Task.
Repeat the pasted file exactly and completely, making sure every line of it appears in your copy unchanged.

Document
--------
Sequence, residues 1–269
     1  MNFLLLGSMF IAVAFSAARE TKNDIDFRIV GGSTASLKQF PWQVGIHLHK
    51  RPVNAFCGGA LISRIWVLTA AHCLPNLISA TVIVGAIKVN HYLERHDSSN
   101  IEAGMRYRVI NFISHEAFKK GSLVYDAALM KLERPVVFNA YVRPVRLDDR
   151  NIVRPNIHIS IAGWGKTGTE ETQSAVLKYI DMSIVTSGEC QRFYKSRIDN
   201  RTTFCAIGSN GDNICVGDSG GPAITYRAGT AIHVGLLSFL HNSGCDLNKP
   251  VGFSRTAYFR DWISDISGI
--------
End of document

Sequence, residues 1–269
     1  MNFLLLGSMF IAVAFSAARE TKNDIDFRIV GGSTASLKQF PWQVGIHLHK
    51  RPVNAFCGGA LISRIWVLTA AHCLPNLISA TVIVGAIKVN HYLERHDSSN
   101  IEAGMRYRVI NFISHEAFKK GSLVYDAALM KLERPVVFNA YVRPVRLDDR
   151  NIVRPNIHIS IAGWGKTGTE ETQSAVLKYI DMSIVTSGEC QRFYKSRIDN
   201  RTTFCAIGSN GDNICVGDSG GPAITYRAGT AIHVGLLSFL HNSGCDLNKP
   251  VGFSRTAYFR DWISDISGI